MGM Settles with Victims of Las Vegas Massacre for $800 Million

Two years after the largest mass shooting in the country killed 58 people at a music festival in Las Vegas, MGM Resorts International announced an $800 million settlement to resolve pending lawsuits. MGM is the owner of Mandalay Bay Resort and Casino, where the killer used an upper-floor room to fire into the crowd of 22,000 people below.

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The total settlement announced on Oct. 3 is expected to be between $735 million and $800 million, depending on how many people seek payment, and the entire process is expected to be completed by late 2020. An estimated 700 people were injured in the attack and resulting rush to escape.

“Our goal has always been to resolve these matters, so our community and the victims and their families can move forward in the healing process,” said Jim Murren, chairman and CEO of MGM Resorts.

“Today’s agreement marks a milestone in the recovery process for the victims of the horrifying events of 1 October,” said Robert Eglet, a lawyer for the plaintiffs.

New Security Efforts

MGM Resorts and many other hotel companies have updated security policies in the last two years, including procedures for guests who post Do Not Disturb signs. At check-in, guests are notified that staff will conduct health and welfare checks after two days if no interaction has been made. Many properties had similar policies in place before the mass killing. MGM reported that staff did have contact with the shooter, Stephen Paddock, in the days leading up to the incident and all seemed normal. He was found dead of a self-inflicted gunshot wound in his hotel room after the attack.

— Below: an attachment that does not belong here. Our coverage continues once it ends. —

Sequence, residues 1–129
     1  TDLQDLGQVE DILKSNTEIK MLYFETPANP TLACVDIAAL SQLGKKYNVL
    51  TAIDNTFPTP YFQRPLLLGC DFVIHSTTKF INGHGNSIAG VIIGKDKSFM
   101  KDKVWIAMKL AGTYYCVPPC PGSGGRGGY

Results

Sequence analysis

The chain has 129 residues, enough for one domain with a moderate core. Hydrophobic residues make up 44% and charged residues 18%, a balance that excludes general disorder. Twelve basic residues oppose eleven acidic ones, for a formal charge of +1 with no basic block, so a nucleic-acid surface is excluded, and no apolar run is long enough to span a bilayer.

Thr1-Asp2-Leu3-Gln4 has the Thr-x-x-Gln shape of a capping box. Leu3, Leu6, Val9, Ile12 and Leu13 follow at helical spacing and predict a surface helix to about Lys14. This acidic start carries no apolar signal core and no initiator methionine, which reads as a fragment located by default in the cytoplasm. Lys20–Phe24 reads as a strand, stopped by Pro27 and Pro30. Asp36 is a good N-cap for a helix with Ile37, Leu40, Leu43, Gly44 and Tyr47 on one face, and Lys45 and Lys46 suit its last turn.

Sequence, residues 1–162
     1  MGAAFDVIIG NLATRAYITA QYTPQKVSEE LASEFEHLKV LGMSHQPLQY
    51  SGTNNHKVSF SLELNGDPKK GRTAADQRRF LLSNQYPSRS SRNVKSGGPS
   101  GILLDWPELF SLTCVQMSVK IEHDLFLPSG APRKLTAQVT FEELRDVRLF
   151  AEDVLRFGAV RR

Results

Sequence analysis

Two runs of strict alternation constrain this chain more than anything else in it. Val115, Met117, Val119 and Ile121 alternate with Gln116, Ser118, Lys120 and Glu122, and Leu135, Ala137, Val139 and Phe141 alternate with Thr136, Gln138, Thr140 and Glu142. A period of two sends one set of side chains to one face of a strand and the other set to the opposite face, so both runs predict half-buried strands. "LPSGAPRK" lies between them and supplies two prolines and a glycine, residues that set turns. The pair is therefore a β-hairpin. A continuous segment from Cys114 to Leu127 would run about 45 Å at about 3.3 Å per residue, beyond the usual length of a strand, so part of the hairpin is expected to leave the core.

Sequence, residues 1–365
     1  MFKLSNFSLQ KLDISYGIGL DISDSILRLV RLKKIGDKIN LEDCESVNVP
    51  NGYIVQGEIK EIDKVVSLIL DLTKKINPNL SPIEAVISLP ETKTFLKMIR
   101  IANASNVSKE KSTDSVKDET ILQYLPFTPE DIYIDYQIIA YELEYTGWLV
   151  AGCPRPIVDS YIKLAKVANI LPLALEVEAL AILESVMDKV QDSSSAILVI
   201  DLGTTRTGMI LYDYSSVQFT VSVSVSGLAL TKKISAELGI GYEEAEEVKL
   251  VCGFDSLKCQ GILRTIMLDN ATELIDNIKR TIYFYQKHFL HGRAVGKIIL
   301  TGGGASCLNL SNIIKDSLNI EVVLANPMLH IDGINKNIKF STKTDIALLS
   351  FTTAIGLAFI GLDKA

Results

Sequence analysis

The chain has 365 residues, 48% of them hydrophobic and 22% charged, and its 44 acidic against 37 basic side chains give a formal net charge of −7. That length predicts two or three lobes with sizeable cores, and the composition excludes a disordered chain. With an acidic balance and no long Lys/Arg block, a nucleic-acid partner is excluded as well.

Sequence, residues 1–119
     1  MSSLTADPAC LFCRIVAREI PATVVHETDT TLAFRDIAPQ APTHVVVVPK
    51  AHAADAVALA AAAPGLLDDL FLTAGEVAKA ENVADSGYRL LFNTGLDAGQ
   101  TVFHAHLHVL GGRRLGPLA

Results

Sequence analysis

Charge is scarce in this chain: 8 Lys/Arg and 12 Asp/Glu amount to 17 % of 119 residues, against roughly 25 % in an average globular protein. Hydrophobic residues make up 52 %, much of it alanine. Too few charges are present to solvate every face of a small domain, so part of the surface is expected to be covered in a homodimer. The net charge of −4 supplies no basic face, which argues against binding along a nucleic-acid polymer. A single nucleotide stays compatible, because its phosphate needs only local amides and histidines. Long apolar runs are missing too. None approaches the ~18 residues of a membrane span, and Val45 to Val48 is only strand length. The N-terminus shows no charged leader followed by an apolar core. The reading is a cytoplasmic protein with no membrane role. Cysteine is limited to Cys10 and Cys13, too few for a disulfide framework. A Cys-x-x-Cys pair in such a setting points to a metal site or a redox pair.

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No motive for Paddock’s actions has ever been determined.

Although other mass shootings have occurred in the last two years, none has been at an event or convention. Still, some in the hospitality industry have recently created a petition calling for industry-endorsed measures to pass gun safety legislation, citing the effectiveness of economic pressure after some states passed anti-LGBTQ regulations. Howard Givner, CEO and founder of Event leadership Institute, is collecting signatures as part of the Coalition to Prevent Gun Violence at Events.

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